Engaging students: Completing the square

In my capstone class for future secondary math teachers, I ask my students to come up with ideas for engaging their students with different topics in the secondary mathematics curriculum. In other words, the point of the assignment was not to devise a full-blown lesson plan on this topic. Instead, I asked my students to think about three different ways of getting their students interested in the topic in the first place.

I plan to share some of the best of these ideas on this blog (after asking my students’ permission, of course).

This student submission comes from my former student Haley Higginbotham. Her topic, from Algebra: completing the square.

green line

A2. How could you as a teacher create an activity or project that involves your topic?

To start the activity, I think I would do some examples of how to complete the square and see if anybody notices a pattern in how it is done. If not, I would give them some hints and some time to think about it more deeply, and maybe give them a few more examples to do depending on time and number of previous examples. After they have figured out the pattern, I would ask them if they knew why it worked to add (b/2)^2, and why they need to both add and subtract it. Then, we would go into the second part of the activity, which would require manipulatives. They would get into partners and model different completing the square problems with algebra tiles, and explain both verbally and in writing why adding (and subtracting) (b/2)^2 works to complete the square. I would probably also ask if you could “complete the cube,” and have them justify their answer as an elaborate. green line

B1. How can this topic be used in your students’ future courses in mathematics?

Completing the square is a fairly nifty trick that pops up a decent bit in Calculus 2, particularly in taking integrals of trig functions. Since they need to be in the specific form of (x+a)^2, or some variation thereof. If a student didn’t know how to complete the square, they would get stuck on how to integrate that type of problem. In addition, completing the square is useful when you want to transform a quadratic equation into the vertex form of the equation. It also could have applications in partial fraction decomposition if you are trying to simplify before doing the partial fraction decomposition, and has applications in Laplace transforms through partial fraction decomposition. It is also helpful in solving quadratic equations if it’s not obviously factorable and the quadratic equation is useful but can be tedious to use, especially if you don’t remember how to simplify radicals.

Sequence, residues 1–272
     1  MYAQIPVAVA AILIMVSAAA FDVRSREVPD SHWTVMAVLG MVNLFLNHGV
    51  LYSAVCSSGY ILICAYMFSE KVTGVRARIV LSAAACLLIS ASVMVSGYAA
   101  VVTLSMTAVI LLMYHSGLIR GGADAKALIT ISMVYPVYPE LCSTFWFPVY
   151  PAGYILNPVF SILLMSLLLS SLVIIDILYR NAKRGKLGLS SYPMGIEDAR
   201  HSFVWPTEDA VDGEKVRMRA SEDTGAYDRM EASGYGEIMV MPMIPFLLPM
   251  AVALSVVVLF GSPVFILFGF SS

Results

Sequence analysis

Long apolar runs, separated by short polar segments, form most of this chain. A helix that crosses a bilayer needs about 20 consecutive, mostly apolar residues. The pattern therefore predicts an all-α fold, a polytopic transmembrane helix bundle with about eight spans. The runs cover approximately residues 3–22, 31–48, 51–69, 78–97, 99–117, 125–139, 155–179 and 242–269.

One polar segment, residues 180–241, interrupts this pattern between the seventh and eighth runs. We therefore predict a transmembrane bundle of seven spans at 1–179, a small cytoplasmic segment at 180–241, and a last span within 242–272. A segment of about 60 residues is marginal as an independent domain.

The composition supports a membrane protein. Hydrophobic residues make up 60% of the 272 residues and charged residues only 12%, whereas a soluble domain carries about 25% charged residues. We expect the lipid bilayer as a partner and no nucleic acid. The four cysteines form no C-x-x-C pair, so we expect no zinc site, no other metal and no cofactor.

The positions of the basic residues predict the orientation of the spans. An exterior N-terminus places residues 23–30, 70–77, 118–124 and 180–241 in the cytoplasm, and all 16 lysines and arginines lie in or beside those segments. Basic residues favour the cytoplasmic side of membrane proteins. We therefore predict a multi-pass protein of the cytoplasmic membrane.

green line

B2. How does this topic extend what your students have learned in previous courses?

Students typically learn, or at least have heard of, the quadratic formula before they have learned completing the square. Completing the square can be used to derive the quadratic formula, so they get more of an idea of why it works as opposed to just memorizing the formula. Also, if a student is having trouble remembering what exactly the quadratic formula is, they can use completing the square to re-derive it fairly quickly. Also, it ties the concepts of what they are learning together more so they are more likely to remember what they learned and less likely to see the quadratic formula and completing the square as two random pieces of mathematical information. Depending on the grade level, completing the square can also extend the idea of rewriting equations. They might have been familiar with turning point-slope form into slope intercept form, but not turning what is sometimes the standard form (the quadratic form) into the vertex form of the equation.


Leave a Reply

Fill in your details below or click an icon to log in:

WordPress.com Logo

You are commenting using your WordPress.com account. Log Out /  Change )

Twitter picture

You are commenting using your Twitter account. Log Out /  Change )

Facebook photo

You are commenting using your Facebook account. Log Out /  Change )

Connecting to %s

This site uses Akismet to reduce spam. Learn how your comment data is processed.